If Mrs. Dale's 6th-grade class can answer 10 quiz questions in five minutes, how many quiz questions can they answer in 14 minutes? Although it might seem trivial, this sort of word problem perfectly illustrates the application of equivalent fractions to find the missing piece in related proportions. There's just one problem: A piece of the puzzle – the answer to how many quiz questions the kids can answer – is missing, but you can use cross multiplication to find it.
TL;DR (Too Long; Didn't Read)
Write down your data as two equivalent fractions, letting x represent the unknown quantity. Multiply the numerator of the first fraction by the denominator of the second fraction, and then multiply the denominator of the first fraction by the numerator of the second fraction. Set the two quantities as equal and solve for x.
Before you can cross-multiply to find the missing number, you have to set up the problem using equivalent fractions. Start by designating which data goes in the numerator (top number) of the fraction and which data goes in the denominator (bottom number). For example, you could say that the numerators will represent how many problems the students can solve, while the denominators of the fractions will represent how many minutes they have to do the solving.
Now that you've designated which information goes where, write out the fractions and set them as equal to each other. So you'll have
Here, 10/5 is another way of writing that Mrs. Dale's students can solve 10 problems in five minutes, while x/14 is a way of writing that the students can solve an unknown number of problems (represented by the "x") in 14 minutes.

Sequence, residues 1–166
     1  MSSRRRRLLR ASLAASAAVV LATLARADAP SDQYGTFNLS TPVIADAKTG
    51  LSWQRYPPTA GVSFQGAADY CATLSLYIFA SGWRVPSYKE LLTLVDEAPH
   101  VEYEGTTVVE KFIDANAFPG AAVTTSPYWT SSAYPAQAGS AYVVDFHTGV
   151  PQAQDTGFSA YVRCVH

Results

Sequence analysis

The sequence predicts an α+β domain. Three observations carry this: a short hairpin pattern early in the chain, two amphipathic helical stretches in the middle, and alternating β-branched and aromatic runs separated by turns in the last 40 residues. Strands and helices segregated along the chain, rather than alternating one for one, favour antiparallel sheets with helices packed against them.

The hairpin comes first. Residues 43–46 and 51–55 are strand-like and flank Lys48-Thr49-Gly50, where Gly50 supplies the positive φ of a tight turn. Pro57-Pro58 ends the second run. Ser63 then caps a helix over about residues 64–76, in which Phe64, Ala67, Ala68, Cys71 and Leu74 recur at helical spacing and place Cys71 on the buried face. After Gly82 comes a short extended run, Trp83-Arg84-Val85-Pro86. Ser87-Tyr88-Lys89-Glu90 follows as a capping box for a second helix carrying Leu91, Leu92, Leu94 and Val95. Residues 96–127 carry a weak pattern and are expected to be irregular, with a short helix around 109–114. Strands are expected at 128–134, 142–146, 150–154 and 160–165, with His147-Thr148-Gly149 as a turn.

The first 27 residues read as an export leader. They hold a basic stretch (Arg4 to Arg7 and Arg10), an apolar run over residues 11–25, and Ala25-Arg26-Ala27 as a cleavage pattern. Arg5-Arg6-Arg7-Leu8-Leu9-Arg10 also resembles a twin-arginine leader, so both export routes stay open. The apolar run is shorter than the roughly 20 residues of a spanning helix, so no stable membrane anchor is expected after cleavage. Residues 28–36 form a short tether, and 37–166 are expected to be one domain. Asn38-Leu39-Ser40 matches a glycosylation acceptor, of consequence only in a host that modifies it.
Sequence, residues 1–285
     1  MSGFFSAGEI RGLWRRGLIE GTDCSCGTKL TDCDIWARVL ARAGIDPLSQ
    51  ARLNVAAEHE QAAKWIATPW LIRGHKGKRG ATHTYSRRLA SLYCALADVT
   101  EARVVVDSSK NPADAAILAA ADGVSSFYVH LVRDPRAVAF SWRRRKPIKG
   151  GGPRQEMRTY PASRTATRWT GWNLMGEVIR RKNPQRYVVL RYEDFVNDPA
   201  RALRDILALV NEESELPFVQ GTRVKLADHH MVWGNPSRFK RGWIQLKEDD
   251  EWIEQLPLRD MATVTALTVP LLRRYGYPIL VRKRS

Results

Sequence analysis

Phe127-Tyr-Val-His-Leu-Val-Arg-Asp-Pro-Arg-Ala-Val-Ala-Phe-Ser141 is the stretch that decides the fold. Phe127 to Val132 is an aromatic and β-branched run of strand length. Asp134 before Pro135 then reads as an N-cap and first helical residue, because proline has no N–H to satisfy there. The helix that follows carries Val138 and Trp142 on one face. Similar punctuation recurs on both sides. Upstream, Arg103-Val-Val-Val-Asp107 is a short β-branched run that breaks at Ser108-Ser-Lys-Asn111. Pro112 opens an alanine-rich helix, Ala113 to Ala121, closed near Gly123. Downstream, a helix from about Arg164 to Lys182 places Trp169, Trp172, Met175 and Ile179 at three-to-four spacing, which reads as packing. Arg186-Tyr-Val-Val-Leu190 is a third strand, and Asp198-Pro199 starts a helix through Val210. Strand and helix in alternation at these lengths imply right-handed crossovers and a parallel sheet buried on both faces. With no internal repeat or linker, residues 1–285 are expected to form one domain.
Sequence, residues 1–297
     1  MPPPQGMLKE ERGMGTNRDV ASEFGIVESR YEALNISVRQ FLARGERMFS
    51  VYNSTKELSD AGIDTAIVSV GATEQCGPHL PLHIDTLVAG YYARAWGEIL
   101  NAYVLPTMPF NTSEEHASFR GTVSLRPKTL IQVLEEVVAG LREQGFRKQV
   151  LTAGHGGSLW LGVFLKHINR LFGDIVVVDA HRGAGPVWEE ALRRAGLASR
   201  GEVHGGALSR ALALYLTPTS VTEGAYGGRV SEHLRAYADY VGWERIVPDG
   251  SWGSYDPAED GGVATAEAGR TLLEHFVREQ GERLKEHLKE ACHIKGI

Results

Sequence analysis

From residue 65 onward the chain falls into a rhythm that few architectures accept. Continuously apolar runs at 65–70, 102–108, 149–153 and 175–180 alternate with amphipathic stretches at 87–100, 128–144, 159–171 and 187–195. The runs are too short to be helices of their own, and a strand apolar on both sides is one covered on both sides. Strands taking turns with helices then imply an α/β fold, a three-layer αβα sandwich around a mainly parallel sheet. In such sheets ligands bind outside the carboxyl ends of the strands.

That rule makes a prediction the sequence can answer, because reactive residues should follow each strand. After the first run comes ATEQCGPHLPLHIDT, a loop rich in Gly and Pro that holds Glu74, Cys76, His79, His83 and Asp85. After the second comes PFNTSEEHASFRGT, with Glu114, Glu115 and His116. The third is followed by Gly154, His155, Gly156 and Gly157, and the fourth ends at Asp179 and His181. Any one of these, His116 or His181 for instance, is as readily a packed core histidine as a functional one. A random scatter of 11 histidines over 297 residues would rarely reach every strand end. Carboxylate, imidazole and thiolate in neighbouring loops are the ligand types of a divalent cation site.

Multiply the numerator of the first fraction by the denominator of the second fraction. Then multiply the numerator of the second fraction by the denominator of the first fraction. Set the two quantities as equal to each other. To continue the example, you'd have
Simplify your equation as much as possible. In this case, you can work out that 10 × 14 = 140 and write the equation as
Keep your eye on the prize: Your ultimate goal is to solve for x and find out what x represents. To continue the example, divide both sides of the equation by 5. This gives you
Simplify the fraction, and you have
So Mrs. Dale's class can solve 28 problems in 14 minutes.
About the Author
Lisa studied mathematics at the University of Alaska, Anchorage, and spent several years tutoring high school and university students through scary -- but fun! -- math subjects like algebra and calculus.